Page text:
End users and IT disagree on definition of good desktop user experience

user experience

An important gap has been identified between what end users and IT professionals respectively perceive to be a good user experience, according to a new survey conducted by Dimensional Research for AppSense.

Key areas of disconnect include issues related to performance, security and productivity, resulting in frustrated users and IT professionals alike.

“Our research shows that IT needs to take a much closer look at what end users want from their desktop experience,” said Jed Ayres, senior vice president of marketing, AppSense.  “IT professionals enforcing corporate security policies and limiting end user choice are preventing end users from working the way they want and slowing productivity.”

More than 86 per cent of end users rated good performance as the top factor in determining a great user experience, and IT professionals rated this only 11 per cent lower in importance. However, while 63 per cent of end users and IT professionals ranked fast logon and logoff times as the third most important factor, they disagreed markedly on the definition of “fast”. More than 63 per cent of end users seek a logon time of 30 seconds or less, whereas more than 42 per cent of IT professionals believe that logon can extend to as long as three minutes.

The survey also pointed to security as being perceived as intrusive and non-productive by end users. More than 63 percent of end users ranked unobtrusive security as important to a great desktop experience, whereas just 46 per cent of IT professionals ranked it as an important factor.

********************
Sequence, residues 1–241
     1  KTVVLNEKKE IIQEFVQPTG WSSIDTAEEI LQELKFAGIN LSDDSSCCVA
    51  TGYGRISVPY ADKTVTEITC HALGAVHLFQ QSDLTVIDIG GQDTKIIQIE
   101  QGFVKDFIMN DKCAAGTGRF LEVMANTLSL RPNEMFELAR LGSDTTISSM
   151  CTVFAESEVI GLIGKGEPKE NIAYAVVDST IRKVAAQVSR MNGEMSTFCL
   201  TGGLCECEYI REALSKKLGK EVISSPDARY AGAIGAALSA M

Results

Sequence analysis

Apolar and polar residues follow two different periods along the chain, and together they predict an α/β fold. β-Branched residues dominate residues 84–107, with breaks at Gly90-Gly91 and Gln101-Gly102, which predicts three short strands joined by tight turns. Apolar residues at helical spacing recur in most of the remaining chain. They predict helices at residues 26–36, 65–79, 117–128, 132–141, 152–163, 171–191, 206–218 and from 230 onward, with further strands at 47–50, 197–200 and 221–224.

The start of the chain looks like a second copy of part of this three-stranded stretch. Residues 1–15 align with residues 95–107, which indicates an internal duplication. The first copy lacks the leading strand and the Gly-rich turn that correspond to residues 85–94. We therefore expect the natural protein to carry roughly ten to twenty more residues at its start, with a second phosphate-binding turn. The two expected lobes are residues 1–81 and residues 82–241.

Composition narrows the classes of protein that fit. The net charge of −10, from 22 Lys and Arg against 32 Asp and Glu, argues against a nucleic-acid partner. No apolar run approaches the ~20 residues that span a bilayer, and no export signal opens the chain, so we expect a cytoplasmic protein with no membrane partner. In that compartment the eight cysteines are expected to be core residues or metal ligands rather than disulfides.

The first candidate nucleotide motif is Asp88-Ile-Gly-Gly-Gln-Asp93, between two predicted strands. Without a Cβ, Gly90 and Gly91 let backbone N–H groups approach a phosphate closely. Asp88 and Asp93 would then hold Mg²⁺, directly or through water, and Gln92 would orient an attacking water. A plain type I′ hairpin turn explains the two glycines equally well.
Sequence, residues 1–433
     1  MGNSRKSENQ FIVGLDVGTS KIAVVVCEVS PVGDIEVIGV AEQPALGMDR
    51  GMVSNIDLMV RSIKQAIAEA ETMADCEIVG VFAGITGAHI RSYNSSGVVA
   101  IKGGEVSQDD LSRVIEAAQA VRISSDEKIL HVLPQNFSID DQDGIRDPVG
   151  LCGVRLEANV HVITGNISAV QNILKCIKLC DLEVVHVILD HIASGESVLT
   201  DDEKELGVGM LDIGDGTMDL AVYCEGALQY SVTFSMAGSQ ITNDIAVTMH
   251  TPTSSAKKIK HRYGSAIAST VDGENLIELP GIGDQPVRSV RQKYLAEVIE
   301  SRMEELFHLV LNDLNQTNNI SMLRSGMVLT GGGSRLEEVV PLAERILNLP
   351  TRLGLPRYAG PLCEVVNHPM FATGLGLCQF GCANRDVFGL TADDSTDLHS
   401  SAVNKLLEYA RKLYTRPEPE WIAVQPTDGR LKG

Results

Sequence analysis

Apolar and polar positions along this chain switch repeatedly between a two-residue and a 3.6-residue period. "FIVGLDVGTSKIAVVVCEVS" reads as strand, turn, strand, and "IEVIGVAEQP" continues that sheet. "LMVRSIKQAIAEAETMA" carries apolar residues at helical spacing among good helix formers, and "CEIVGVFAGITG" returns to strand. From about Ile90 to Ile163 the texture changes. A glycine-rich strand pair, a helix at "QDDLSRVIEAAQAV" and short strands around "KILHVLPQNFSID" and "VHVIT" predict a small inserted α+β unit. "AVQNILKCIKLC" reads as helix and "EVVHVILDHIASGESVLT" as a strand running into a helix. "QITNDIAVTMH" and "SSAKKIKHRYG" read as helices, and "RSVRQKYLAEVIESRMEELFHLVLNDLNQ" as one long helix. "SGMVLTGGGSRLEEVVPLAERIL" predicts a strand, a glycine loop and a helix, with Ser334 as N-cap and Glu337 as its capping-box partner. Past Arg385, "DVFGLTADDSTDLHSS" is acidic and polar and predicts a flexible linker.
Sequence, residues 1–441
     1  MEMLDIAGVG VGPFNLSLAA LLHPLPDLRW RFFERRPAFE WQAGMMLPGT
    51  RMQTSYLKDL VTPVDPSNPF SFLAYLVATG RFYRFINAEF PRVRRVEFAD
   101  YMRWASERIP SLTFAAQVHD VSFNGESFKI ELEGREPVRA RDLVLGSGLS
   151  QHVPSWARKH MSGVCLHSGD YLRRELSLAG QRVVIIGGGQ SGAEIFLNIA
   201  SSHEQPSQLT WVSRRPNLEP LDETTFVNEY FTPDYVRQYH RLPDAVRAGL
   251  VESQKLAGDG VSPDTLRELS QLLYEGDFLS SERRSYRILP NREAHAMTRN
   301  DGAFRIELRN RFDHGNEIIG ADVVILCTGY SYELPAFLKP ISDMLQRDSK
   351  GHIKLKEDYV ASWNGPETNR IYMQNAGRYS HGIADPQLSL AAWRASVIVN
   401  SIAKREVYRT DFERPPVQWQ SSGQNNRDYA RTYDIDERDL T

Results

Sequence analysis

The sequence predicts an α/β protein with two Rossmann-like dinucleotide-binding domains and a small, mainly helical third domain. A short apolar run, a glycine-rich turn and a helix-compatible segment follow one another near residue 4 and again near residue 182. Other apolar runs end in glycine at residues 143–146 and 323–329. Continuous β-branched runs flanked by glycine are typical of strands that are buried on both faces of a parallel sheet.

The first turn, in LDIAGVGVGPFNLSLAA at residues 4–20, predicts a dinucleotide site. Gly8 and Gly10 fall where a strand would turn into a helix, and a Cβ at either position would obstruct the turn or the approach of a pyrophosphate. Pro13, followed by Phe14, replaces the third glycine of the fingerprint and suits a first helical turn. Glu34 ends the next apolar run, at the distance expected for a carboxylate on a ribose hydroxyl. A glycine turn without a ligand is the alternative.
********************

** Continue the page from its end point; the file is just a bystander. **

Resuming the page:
A full 71 per cent of end users believe the quality of their work and their productivity are impacted by their desktop experience. However, only 55 per cent of IT professionals though that providing a great desktop experience significantly impacts business outcomes.

A large frustration for end users is the inability to personalise their desktops. More than half (52 per cent) of end users say personalisation would increase their productivity. However, 95 per cent of IT professionals limit desktop personalisation in some way, with 35 percent stating it is to meet corporate security policies.

AppSense argues that User Environment Management technology would allow IT to close this expectation gap on desktop experience by allowing IT to centralise desktop security, management and personalisation policies, while allowing end users greater personalisation.

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